Obama’s China policy takes shape
By Jing-dong Yuan
MONTEREY, California – United States Treasury Secretary Timothy Geithner ended his China trip last week on a positive note. His visit, which came on the heels of House speaker Nancy Pelosi and Secretary of State Hillary Clinton’s visit in February, said a great deal about change and continuity in the Barack Obama administration’s China policy.
A call for change was a hallmark of Obama’s presidential campaign, but as president, and on China, his administration’s handling of America’s most important bilateral relationship has been marked by continuity. Engagement rather than confrontation captures of the essence of the approach and will guide Washington in developing “positive, cooperative and comprehensive” ties with Beijing.
The core initiatives of the bilateral dialogues and consultations launched during the second term of the George W Bush administration – the Senior Dialogue and the Strategic Economic
Dialogue – have been kept and elevated to a higher level. The US-China Strategic and Economic Dialogue, as it is now called, will be headed by secretaries Clinton and Geithner on the US side, and Vice Premier Wang Qishan and State Councilor Dai Bingguo on the Chinese side. The first meeting of this high-level dialogue will take place in Washington, DC in the last week of July.
But changes are also taking place. These are both in substance and in style. Gone are the days when US officials would lecture their Chinese counterparts on issues ranging from currency exchange rates to financial reforms in China. These days, discussions focus more on how, as the world’s first- and third-largest economies accounting for combined global energy imports of over 50% and greenhouse emissions of over 30%, the US and China can work together to address the many challenges facing the world.
The Obama administration has emphasized common interests more than differences in its China policy. “We are all in this together” seems to have become a mantra of US officials from Pelosi to Geithner. Clean energy, climate change and economic stimulus, not human rights and currency manipulation, now top Washington’s China policy agenda.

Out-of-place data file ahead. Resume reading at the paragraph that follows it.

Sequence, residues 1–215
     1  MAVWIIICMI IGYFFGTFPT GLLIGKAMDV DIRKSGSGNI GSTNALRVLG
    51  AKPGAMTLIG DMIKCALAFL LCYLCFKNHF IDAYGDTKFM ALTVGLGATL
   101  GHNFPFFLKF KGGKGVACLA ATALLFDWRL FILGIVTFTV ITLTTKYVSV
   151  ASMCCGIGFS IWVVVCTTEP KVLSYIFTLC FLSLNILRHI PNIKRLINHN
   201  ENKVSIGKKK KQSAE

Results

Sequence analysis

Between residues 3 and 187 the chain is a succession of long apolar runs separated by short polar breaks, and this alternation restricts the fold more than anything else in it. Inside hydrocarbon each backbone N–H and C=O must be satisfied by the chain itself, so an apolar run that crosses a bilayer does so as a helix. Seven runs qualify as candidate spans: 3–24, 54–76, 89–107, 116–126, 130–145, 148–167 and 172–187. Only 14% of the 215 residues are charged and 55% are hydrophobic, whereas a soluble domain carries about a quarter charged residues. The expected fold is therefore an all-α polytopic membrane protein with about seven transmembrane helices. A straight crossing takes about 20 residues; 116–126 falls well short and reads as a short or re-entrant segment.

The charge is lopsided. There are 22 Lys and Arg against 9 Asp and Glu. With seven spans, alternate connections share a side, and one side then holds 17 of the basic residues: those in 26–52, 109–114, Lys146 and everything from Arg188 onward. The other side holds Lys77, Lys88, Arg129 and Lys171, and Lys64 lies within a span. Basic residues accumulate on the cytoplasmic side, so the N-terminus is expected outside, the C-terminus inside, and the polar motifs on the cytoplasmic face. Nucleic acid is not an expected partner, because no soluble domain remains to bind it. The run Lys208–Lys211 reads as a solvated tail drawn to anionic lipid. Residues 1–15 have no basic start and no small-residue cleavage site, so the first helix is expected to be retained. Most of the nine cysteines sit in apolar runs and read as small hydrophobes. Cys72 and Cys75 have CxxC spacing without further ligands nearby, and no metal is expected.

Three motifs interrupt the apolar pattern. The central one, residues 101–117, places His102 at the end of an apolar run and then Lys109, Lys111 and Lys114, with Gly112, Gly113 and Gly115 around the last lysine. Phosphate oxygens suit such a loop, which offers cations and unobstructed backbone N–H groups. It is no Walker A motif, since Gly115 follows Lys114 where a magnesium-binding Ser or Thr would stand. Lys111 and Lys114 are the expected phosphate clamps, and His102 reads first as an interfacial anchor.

There are good reasons for this shift in focus. The Obama administration has inherited perhaps the most severe economic crisis since the global recession of the 1930s. Dealing with growing unemployment, and massive deficit spending, the administration will need to closely coordinate its economic recovery policy with other major international powers, particularly China.
Major adjustments in economic policies are called for, not only to weather the current crisis, but also to lay solid foundations for sustainable growth. For the US, this means it can no longer spend beyond its means. For China, this requires a shift from export-oriented towards a domestic consumption-based economy. It will not be easy for either country.
China’s phenomenal economic growth over the past two decades has been sustained by an external market able to absorb its products. This dependence on exports has already cost the country over 20 million lost jobs due to falling demand for Chinese-made goods caused by the financial crisis. Beijing has responded by injecting over US$600 billion in stimulus spending, but this is yet to have had significant impact.
Given the inadequacy of the country’s social safety net, the potential of its domestic consumer base remains limited, making the shift from exports to domestic consumption all the more difficult. Introducing and improving retirement pensions, public health care, and access to credit would enable Chinese households to spend more and save less.
But the onus is equally on the US side to undertake serious reform, including the restoration of its fiscal order through a more balanced mix of resources and expenditure. Out-of-control spending and growing deficits have already worried Beijing as it contemplates the security of its huge holding of US debts, including $768 billion in Treasury securities. Chinese officials from Premier Wen Jiabao to central bank Governor Zhou Xiaochuan have in recent months have expressed serious concerns over the debt.
Beijing has every incentive to reduce the risk of this overexposure to the greenback, but it is unlikely that America’s largest creditor is going to pull the plug any time soon. The collateral damage of such a drastic move would be extremely high and China continues to rely on US markets and the value of US dollars to minimize further job loss and devaluation of its assets.
Economic issues aside, Beijing and Washington also share important common interests in dealing with issues ranging from the proliferation of weapons of mass destruction to growing international maritime piracy. China and the US have cooperated to address the North Korean and Iranian nuclear issues and increasingly the Obama administration is soliciting Chinese assistance for the conflicts in Afghanistan and Pakistan.
Unlike its immediate predecessors, the Obama administration begins its term anchored in a positive and cooperative relationship with China. But that does not mean differences do not exist or should be brushed aside. Frictions are bound to arise and disputes will be part of their interactions.
Dr Jing-dong Yuan is director of East Asia Non-proliferation Program at the James Martin Center for Non-proliferation Studies, and an associate professor of International Policy Studies at the Monterey Institute of International Studies.